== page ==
Defining morality is easy if you approach the task concurrently from three angles: from its appearance, from its functionality, and from the value we attribute to it.
Morality comprises first of all sacrifice. Admirable sacrifice.
Morality comprises most amount of selfless good minimizing selfless bad. Good and bad here adhere to how the moral act affects the social or if you like, wider, biological environment.
Morality is sourced from an inner urge, it is not possible to resist moral behaviour.
Morality -- when you really think about it -- always commands one to, ultimately, preserve the possibility of the self's DNA or the DNA of the closest approximation to that of the self, to survive, prosper and propagate. --------------
Humans and cats save their children from fire. We actually walk into fire to save our children. Are we, cats and humans, wont of regularly walking into fire? No, not the least bit. But walking into fire to save our offspring gives us a better chance of having our genes propagated down to posterity than not walking into fire. So we do walk into it.
Generally, a moral person will always sacrifice some benefits due to the person, in order to maximize survival chances of those who can carry on his or her legacy of DNA.
A human will kill a dog to save a human, a human will remove a drowning dog from water, a human will sacrifice his own child for god.
This part has spoken for the practicality of morality.
How does it feel though? We, humans, like all other species, have behaviour compelled by our urges. For instance, we eat because we feel hungry, not because we consciously figure out that food sustains us. (Exceptions exist, like always: I used to have a bulimic girl friend, who had go so unused from normal eating, that she had to figure out her daily caloric and other nutrient intake on charts, (at first, later from memory) and eat the calculated amounts and types of food to sustain herself. She had no sense of biological feedback mechanisms to guide her self-sustenance. She had a good figure, too.) Similarly, our moral behaviour patterns and acts are not driven by what philosophers tell us, but inner urges tell us.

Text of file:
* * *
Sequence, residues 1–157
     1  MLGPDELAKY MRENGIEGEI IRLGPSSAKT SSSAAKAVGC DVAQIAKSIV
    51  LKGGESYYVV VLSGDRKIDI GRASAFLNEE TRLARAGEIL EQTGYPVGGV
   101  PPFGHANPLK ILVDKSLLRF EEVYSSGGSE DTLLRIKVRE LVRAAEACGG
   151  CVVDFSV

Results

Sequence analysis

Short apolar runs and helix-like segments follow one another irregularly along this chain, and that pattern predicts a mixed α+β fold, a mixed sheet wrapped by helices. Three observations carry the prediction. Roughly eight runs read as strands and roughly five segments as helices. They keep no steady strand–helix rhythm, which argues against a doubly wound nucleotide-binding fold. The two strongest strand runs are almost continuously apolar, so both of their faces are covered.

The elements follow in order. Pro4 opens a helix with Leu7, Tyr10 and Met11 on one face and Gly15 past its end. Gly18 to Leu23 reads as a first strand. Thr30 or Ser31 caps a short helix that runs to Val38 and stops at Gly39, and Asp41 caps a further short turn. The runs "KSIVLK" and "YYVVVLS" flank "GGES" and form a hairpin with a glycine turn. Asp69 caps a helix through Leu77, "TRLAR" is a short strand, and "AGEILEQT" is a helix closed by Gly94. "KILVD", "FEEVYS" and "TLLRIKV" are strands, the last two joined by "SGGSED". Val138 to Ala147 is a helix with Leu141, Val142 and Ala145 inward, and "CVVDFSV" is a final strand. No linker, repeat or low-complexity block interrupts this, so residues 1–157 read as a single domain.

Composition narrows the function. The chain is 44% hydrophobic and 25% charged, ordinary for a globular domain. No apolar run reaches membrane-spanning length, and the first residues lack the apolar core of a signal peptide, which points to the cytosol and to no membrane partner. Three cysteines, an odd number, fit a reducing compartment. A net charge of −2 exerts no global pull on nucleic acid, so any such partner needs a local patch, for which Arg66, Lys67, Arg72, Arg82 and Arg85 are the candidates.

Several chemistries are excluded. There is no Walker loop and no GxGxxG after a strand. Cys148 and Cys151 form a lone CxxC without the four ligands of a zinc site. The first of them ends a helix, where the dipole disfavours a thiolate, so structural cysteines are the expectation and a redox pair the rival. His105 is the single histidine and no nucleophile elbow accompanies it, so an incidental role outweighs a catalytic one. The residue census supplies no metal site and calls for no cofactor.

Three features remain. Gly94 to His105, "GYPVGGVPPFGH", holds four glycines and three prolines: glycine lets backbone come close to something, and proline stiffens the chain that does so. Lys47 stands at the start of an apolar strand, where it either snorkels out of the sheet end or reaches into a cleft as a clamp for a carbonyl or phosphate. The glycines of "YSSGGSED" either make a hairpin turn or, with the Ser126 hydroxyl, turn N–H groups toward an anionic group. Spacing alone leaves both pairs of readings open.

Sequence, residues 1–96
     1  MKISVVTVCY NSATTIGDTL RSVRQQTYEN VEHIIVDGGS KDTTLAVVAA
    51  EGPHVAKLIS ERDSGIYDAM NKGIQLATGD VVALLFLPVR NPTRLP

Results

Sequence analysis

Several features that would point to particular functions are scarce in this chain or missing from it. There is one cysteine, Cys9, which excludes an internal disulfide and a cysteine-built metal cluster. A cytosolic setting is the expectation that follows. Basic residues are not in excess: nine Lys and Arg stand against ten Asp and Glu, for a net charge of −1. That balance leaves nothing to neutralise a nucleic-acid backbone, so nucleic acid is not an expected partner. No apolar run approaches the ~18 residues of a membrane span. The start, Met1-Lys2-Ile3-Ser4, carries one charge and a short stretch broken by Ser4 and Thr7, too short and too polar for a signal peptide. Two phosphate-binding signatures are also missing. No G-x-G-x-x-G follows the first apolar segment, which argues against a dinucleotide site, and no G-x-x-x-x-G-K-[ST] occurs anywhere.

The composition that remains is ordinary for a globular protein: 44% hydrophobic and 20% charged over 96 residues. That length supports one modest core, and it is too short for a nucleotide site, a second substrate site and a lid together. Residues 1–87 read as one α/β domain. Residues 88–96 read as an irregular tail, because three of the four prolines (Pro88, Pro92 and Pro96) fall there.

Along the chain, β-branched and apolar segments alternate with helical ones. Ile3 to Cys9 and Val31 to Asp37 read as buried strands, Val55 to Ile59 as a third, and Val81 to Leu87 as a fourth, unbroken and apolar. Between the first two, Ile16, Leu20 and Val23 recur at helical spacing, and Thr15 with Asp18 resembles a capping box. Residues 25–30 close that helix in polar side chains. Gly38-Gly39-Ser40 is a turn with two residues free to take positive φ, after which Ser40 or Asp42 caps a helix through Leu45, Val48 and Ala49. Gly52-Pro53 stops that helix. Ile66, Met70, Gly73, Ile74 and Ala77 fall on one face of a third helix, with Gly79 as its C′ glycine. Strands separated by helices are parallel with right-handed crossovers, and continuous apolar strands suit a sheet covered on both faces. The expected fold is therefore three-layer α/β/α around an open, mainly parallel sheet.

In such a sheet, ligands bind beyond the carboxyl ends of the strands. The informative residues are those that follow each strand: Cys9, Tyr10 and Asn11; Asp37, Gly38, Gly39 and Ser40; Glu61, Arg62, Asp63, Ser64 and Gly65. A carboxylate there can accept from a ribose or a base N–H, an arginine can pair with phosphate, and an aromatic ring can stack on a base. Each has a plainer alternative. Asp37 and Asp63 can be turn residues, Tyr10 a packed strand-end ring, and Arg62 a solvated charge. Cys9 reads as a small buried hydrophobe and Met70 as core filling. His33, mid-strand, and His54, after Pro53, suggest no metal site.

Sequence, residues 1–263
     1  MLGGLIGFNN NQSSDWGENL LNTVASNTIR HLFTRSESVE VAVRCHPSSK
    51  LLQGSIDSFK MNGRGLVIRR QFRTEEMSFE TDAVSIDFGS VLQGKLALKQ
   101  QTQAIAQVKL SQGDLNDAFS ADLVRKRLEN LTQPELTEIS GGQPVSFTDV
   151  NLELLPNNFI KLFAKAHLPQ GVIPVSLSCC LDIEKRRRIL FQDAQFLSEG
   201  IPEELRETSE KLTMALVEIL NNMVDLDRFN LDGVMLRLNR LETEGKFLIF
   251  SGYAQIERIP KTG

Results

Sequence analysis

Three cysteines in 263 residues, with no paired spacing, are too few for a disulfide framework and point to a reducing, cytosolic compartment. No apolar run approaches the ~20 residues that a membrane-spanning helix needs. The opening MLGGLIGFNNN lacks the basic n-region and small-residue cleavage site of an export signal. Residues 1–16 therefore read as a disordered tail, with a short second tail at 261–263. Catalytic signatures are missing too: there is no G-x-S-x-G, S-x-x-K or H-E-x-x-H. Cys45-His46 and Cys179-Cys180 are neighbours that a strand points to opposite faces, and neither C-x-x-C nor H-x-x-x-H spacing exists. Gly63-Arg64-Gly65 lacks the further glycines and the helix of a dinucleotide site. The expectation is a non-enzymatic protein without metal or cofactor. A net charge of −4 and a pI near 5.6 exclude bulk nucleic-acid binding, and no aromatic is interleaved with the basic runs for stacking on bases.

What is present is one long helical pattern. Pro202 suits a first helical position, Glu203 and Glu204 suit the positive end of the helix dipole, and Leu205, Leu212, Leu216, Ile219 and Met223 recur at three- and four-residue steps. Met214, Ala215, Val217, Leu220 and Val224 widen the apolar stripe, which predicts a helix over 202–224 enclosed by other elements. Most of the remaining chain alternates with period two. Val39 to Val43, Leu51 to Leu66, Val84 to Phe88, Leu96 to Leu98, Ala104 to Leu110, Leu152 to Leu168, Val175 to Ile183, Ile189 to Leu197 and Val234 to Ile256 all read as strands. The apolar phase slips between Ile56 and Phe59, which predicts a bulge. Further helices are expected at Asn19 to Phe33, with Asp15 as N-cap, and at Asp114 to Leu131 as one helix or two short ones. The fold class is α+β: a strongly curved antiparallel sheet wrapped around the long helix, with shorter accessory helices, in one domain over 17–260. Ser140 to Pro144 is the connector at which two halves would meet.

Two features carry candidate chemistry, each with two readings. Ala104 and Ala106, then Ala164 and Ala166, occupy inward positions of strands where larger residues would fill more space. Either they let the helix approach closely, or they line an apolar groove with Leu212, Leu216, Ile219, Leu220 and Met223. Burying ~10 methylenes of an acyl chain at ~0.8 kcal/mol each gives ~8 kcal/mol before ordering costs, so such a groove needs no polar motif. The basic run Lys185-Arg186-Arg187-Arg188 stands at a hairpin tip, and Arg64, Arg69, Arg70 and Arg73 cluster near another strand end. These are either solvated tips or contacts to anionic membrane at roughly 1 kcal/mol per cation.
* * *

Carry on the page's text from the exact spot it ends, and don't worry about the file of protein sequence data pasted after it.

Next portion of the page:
In this aspect, inner urges will tell us to share our bread, to save the drowning, to save our children from fire. We do these things without thinking. We are not even compelled to do these acts, they are automatic. (A compelling feeling has a resistance to overcome; there is no resistance to our own actions when we act morally.)
A moral action is viewed as a noble act. This is a group phenomenon. Moral behaviour is promoted by groups, because in evolved nature there is always more than one feedback loop to guide behaviour (be the behaviour voluntary, or involuntary). Voluntary-seeming moral behaviour is guided by our inner urges, and is reinforced by a secondary, group-based feedback loop. We even give awards to moral behaviour, sometimes posthumously, to affect those who survived the lifespan of the saints. A third feedback loop would be also group-related, but involves the help, invokes the help, of supernatural beings -- gods, to be exact. Pleasing a god is good, moral behaviour.
My own, private, definition of moral behaviour rests on the thesis that all humans 1. crave eternal life and 2. are willing to do anything to attain it. One way to eternal life, so the belief goes, is always acting morally. Another way, to act selflessly. These unfortunately oppose the survival tactics we need to employ in life. So life is a struggle of keeping a balance between survival-benefitting selfish behaviour, and survival-detrimental unselfish behaviour. Some morality is socially heavy, some is individually heavy. For instance, rape and pillaging is socially unacceptable, but feels good to do. Sharing your bread, working for the common good, fighting for your fellow human's rights feels good, but not in a selfish way. After pillaging, or eating a lot at someone else's expense, you go home with the feeling that you "cheated the system". After a day of community street cleaning, or church fundraising, or charity work, you go home with a good feeling of having paid your dues. You can't survive with just one or the other type of behaviour.
In my private opinion, an inner moral guide will tell each human how to behave morally. There is no resistance to moral behaviour. If you want to describe or refer to the core of moral behaviour, I say it's a behaviour that the individual feels will help him or her get to a pleasant afterlife. Selfish behaviour, expecially on the expense of denying or violating moral behaviour, tends to tell people that they will go to hell. (So to speak.)
Heaven and Hell are therefore not exclusively Christian-created concepts. In pre-christian religions we find no references to them; but behavioural references always existed between good and bad morals, and those included the need of one to serve his or her god.
Christianity's developing the concepts is not an innovation, but an innovative use of human's inner moral world views. Humans always think and have and had thought of things as "good" and "bad"; Christianity simply institutionalized these notions into the conceptual creation of Heaven and Hell.
I talked enough.